Being able to shoot a wide variety of locations is important for having a diverse portfolio and even a factory making hard cases may request a shoot for business materials. If you’re prepared before you go in you’re more likely to come out with a higher quality product. In this video, Jay P. Morgan gives us ten tips for shooting in a working factory and leaving with a happy customer:
This video may be geared toward videographers but a lot of these tips apply to still photography as well.
1. Scout the Location
If you go in the day before and take a look around you’ll be more prepared on the day of the shoot. Knowing where you can stand, where the best angles are, when is a good time to shoot, and where you’ll be able to set up lights and cameras will help you when you’re ready to shoot.
2. Make a List of the Process
Factories have a rhythm and flow and are constantly moving and full of action. The product being made will have a set order of production and knowing this order will help you capture each step. Even if you don’t exactly understand what is being done, you can still capture it for the client.
3. Look for Interesting Angles
Use a crane to get a camera high up or shoot from below for different points of view. A GoPro can easily be clipped onto a piece of machinery to get a perspective that couldn’t be reached otherwise. Think creatively.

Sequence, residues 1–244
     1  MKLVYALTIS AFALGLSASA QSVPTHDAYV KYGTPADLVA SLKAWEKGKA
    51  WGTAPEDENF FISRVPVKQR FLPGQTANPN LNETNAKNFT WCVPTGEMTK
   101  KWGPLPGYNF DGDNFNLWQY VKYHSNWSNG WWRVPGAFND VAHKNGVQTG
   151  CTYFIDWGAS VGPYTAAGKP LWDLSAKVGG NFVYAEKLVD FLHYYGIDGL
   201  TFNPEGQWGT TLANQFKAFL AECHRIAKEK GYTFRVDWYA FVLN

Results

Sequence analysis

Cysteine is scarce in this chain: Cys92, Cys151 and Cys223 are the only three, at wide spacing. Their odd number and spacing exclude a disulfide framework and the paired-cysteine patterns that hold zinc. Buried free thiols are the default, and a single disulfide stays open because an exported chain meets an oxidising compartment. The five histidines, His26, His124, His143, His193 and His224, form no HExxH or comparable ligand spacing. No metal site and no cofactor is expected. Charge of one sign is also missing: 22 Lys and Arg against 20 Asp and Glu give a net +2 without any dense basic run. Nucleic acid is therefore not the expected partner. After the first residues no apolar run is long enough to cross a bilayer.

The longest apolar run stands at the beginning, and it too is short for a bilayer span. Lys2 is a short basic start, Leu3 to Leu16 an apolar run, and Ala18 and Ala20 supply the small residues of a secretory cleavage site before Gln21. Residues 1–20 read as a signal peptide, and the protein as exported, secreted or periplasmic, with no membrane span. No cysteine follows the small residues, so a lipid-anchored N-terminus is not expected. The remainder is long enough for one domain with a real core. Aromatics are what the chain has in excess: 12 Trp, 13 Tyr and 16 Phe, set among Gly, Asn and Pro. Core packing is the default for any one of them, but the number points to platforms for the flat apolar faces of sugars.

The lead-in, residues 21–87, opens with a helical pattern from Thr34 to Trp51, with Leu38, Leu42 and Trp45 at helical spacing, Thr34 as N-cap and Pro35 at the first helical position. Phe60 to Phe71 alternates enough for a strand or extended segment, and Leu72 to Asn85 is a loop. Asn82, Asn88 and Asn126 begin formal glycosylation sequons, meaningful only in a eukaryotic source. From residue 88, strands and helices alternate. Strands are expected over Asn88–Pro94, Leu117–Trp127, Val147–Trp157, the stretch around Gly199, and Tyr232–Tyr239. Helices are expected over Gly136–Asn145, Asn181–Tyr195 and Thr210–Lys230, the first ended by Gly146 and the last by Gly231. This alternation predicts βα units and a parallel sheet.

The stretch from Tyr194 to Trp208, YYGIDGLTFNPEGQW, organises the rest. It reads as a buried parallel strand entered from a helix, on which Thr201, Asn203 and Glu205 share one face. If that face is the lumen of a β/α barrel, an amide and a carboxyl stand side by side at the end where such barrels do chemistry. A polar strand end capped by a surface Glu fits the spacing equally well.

4. Move the Camera
This point applies mainly to videography but can be a good reminder to move yourself when shooting—try out different angles and test other locations inside.
5. Use Ambient Light for Fill, Create Highlights with Lights
Set up your lights so they shine on the focus of your shot and let the ambient light in the room be your main source for fill light. Factories are typically very well lit and shouldn’t be dark, so you won’t need a lot of flash.
6. Add Color for Fill
Putting a color filter over a light can give your shot a more dramatic effect or make something plain pop. In the video, they use a blue filter to give the metal a different appearance.
7. Destroy Some Product
To get a unique perspective sometimes you may need to destroy some product. For example, cut the bottom out of a box so you get a unique point of view of workers opening the box or reaching for something.
8. Bring Clean Shirts
Workers may not always have clean clothing on or may wear shirts with logos that can’t go into a final product. If you have some extra shirts for workers to wear just in case this happens it will make your final product look clean and professional.
9. Be Pleasant and Persistent
Help the workers to get on board with the shoot so they have the same vision as you and want to help get the right shot. Don’t be bossy or demanding but approach them with enthusiasm and positivity so they can get on the same page.
10. Use Multiple Cameras and Angles
Set up multiple cameras and angles so when shooting one thing you can choose from different shots to see what works best. Have them facing different ways and use different lenses to get a broad range of shots.
Shooting in a working factory can be difficult if you’re not prepared, but with the right gear, attitude, and approach you can come away with the right shots and a happy client.
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